Could this be the first instance of such a thing happening? Can you imagine the repercussions of having thousands of liters of diesel being stolen and sold every month?

According to my source, the illegal retail sale of fuel is something that is still common in Cebu despite a crackdown on the activity in 2013. The Department of Energy back then, at least according to the cited news report, seem to suspect gas stations of being the source for the illegally retailed fuel and thus ordered the stricter calibration of fuel pumps.

However, considering the volume of fuel in the fuel pilferage at AFC amounting to thousands of liters, it would take too long to make money off the pilfered fuel if it were sold by small vendors by the liter. For such a volume, it would be more likely that it would be sold to a gas station which disposes a larger volume in a shorter time period.

Just this year, a reporter friend of mine at Manila Times published a story on Petron charging 8 dealers for fuel dumping. Here is an excerpt from that story:

OIL firm Petron Corp. has filed criminal charges against eight of its former station dealers for illegal “dumping.”

Petron said it has evidence that these dealers were getting fuel from illegal sources and then passing them off to unwitting consumers as Petron products.

This practice, also called dumping, is a form of unfair competition punishable under the Intellectual Property Code of the Philippines or R.A. 8293.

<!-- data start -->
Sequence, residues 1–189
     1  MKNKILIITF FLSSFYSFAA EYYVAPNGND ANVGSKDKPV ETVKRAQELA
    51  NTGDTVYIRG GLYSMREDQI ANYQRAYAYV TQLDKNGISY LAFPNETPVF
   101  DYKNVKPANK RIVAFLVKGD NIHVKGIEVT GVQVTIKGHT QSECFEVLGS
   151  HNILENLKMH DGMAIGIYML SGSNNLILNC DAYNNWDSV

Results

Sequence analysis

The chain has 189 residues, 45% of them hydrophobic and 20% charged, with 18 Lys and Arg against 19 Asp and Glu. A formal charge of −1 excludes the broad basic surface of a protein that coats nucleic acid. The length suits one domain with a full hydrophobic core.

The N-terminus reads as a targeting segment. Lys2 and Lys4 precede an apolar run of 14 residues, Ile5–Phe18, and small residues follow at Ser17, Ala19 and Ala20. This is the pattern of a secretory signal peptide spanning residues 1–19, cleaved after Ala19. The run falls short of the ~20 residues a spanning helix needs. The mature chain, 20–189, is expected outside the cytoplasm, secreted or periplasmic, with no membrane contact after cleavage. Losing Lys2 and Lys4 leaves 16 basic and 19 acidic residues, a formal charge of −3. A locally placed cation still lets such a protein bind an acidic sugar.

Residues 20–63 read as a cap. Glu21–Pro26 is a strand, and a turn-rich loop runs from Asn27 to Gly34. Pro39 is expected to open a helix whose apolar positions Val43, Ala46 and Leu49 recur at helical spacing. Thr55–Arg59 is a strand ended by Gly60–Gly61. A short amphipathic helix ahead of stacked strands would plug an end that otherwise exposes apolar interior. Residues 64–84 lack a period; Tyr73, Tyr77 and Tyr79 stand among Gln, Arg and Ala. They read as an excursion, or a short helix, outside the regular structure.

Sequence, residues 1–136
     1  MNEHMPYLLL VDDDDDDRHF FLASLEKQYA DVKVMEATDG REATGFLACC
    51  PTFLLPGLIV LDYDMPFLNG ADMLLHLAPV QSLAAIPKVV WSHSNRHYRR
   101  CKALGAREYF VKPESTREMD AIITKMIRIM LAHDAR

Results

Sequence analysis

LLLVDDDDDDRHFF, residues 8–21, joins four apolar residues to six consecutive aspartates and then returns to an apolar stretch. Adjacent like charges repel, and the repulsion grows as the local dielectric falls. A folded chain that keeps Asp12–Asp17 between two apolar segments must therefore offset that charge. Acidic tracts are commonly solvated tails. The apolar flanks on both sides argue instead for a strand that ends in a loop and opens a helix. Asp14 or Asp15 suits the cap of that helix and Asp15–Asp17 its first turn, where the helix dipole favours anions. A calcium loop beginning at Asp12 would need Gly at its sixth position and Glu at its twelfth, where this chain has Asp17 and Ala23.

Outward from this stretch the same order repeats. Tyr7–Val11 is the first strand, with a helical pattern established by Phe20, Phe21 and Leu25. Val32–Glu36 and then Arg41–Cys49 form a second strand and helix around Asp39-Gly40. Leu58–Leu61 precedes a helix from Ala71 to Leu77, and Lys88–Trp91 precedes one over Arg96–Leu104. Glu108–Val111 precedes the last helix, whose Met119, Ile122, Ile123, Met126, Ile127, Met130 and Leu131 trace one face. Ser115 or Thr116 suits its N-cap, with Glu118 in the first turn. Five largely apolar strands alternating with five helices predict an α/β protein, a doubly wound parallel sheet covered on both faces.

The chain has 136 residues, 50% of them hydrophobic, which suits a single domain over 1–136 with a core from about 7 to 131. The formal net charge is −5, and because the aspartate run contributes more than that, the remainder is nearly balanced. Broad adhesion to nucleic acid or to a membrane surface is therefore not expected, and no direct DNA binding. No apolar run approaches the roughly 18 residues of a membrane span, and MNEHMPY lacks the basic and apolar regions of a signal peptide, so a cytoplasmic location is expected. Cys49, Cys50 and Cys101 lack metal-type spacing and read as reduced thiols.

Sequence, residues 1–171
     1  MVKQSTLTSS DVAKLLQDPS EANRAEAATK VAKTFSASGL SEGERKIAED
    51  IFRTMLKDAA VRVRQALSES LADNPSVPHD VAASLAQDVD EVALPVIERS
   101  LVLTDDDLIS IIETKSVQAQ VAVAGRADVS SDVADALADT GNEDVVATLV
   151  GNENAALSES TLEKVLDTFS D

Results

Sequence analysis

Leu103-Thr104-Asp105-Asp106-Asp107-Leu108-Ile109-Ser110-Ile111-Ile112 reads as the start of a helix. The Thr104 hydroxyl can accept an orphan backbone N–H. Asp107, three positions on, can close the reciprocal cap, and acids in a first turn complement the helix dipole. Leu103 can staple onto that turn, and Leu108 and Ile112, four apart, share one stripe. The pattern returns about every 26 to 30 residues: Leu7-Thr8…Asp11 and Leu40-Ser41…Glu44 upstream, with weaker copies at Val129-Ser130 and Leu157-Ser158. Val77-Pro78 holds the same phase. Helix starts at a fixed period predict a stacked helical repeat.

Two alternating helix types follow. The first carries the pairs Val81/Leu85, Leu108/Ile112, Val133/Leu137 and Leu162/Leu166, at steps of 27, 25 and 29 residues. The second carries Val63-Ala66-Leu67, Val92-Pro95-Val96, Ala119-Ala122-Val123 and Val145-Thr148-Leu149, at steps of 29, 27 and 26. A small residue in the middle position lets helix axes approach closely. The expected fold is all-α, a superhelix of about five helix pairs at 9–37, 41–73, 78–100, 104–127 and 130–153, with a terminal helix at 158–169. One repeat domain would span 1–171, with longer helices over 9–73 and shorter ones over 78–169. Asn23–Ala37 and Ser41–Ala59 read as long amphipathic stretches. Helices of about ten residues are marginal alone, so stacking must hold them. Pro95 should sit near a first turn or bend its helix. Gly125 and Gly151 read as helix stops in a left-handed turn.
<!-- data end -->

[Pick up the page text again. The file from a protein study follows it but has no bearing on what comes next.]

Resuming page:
“Let this serve as a warning to those unscrupulous businessmen. We will not tolerate dumping in Petron stations,” the oil firm said.

… ….

Dumping is a direct result of oil smuggling, which dupes consumers into buying cheaper and inferior fuel products. Smuggling also results in an uneven playing field in the oil industry as smugglers can easily peddle fuels several pesos cheaper than legitimate players.

Industry estimates showed the country loses at least P30 billion to P40 billion annually in foregone taxes because of the said illegal activity.

If found guilty, each respondent faces imprisonment of up to five years and a fine of up to P200,000 for violating Sections 168.2 and 168.3 of the Intellectual Property Code of the Philippines.

(See full story here

In an effort to get a clearer understanding of this incident at AFC, we contacted the office of Sojitz here in the Philippines and sent them interview questions. Here are excerpts from the interview questions that were answered by Sojitz:

Question: What is the official policy of Sojitz when it comes to possible crimes happening within the Atlas Fertilizer corporation compound?